1 Corinthians 4:4 For I know nothing by myself; yet am I not hereby justified: but he that judges me is the Lord.

I would

Job 5:8 I would seek to God, and to God would I commit my cause:

Job 8:5 If you would seek to God betimes, and make your supplication to the Almighty;

Job 10:2 I will say to God, Do not condemn me; show me why you contend with me.

Job 22:27 You shall make your prayer to him, and he shall hear you, and you shall pay your vows.

Job 34:31,32 Surely it is meet to be said to God, I have borne chastisement, I will not offend any more...

1 Kings 8:38,39 What prayer and supplication soever be made by any man, or by all your people Israel...

2 Chronicles 33:13 And prayed to him: and he was entreated of him, and heard his supplication, and brought him again to Jerusalem into his kingdom...

Jeremiah 31:9 They shall come with weeping, and with supplications will I lead them...

Daniel 9:3,18 And I set my face to the Lord God, to seek by prayer and supplications, with fasting, and sackcloth, and ashes...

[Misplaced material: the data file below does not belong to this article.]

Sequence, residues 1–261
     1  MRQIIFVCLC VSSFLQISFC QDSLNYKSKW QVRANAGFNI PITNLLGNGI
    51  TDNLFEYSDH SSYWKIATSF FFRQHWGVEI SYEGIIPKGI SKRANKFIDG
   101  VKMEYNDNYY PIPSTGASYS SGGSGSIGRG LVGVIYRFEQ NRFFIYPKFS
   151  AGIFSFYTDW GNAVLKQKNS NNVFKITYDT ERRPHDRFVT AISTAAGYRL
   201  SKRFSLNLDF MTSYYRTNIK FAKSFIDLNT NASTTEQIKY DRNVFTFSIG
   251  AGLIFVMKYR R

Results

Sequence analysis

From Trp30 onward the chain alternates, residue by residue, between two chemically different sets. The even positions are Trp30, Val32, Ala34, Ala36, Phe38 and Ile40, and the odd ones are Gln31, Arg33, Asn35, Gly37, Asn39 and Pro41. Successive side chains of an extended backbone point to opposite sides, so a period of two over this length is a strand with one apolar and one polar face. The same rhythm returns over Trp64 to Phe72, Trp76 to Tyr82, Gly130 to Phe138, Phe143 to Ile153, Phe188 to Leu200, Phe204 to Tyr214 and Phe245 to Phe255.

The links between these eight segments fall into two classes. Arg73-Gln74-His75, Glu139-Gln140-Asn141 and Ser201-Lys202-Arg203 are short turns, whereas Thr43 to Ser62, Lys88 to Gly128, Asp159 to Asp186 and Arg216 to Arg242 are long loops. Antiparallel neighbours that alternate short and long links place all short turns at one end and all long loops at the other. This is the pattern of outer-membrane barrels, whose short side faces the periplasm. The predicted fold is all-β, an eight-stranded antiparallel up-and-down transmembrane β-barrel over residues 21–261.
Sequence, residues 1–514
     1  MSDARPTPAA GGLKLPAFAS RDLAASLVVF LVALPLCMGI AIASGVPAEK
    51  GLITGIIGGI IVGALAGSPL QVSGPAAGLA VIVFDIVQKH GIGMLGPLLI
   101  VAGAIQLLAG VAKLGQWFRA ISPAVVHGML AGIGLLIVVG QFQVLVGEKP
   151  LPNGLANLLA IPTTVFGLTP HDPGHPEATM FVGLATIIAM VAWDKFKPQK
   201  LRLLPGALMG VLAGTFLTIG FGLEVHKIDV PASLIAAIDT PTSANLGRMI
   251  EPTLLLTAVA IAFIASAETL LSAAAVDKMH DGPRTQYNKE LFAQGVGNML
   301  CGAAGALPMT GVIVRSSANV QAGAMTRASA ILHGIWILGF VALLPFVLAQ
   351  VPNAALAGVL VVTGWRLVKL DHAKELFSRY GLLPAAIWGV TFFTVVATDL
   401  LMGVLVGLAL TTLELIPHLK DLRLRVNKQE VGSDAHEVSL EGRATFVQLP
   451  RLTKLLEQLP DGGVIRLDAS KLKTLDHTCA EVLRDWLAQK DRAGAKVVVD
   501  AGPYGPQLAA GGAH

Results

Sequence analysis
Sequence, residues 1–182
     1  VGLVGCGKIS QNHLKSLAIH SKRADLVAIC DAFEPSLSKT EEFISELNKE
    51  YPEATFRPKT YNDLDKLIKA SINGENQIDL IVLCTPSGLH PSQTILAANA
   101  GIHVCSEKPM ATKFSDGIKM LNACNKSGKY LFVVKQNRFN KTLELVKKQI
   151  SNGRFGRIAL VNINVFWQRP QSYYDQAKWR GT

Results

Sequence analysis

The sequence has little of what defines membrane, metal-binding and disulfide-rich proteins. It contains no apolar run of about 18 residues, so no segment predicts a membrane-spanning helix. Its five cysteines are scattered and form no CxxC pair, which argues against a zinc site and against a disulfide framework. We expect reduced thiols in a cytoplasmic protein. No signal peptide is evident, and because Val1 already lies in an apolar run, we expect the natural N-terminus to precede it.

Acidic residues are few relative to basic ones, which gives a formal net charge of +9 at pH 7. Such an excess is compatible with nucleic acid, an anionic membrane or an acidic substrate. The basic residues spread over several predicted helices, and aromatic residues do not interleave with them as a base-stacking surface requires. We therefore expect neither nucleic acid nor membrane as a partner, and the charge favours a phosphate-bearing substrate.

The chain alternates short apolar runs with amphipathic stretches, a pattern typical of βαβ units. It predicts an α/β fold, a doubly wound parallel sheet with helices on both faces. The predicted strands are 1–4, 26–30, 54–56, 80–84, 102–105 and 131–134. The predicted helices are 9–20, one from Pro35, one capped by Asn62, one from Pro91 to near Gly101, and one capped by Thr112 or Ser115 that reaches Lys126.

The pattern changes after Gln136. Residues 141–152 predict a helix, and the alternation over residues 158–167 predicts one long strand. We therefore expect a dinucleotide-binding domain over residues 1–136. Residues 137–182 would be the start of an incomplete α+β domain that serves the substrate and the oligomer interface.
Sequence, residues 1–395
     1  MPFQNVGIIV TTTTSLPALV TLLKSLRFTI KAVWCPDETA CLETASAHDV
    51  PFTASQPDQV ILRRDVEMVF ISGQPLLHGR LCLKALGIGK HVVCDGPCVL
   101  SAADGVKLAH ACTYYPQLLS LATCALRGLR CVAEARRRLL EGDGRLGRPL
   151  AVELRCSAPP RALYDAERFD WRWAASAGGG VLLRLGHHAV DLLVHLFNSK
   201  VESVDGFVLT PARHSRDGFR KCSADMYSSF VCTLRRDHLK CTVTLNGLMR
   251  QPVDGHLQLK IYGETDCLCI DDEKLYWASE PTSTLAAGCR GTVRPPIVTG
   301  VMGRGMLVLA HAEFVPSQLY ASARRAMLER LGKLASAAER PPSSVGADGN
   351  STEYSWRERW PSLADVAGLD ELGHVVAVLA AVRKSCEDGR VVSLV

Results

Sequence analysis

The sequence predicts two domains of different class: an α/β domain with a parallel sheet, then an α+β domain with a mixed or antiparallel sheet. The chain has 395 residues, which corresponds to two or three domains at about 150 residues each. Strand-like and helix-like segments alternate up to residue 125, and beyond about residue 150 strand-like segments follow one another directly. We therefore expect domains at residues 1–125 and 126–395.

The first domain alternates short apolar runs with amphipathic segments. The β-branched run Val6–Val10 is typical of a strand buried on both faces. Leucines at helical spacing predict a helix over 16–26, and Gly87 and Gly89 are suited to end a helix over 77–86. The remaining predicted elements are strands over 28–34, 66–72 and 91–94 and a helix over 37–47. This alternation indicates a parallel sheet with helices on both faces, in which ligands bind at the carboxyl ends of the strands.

my judge

Job 23:7 There the righteous might dispute with him; so should I be delivered for ever from my judge.

1 Peter 2:23 Who, when he was reviled, reviled not again; when he suffered, he threatened not; but committed himself to him that judges righteously:

Cross References
Job 8:5
If you will seek God and plead with the Almighty for mercy,

Job 9:16
If I summoned him and he answered me, I would not believe that he was listening to my voice.

Job 9:20
Though I am in the right, my own mouth would condemn me; though I am blameless, he would prove me perverse.

Job 9:21
I am blameless; I regard not myself; I loathe my life.

Job 10:15
If I am guilty, woe to me! If I am in the right, I cannot lift up my head, for I am filled with disgrace and look on my affliction.

Job 40:5
I have spoken once, and I will not answer; twice, but I will proceed no further."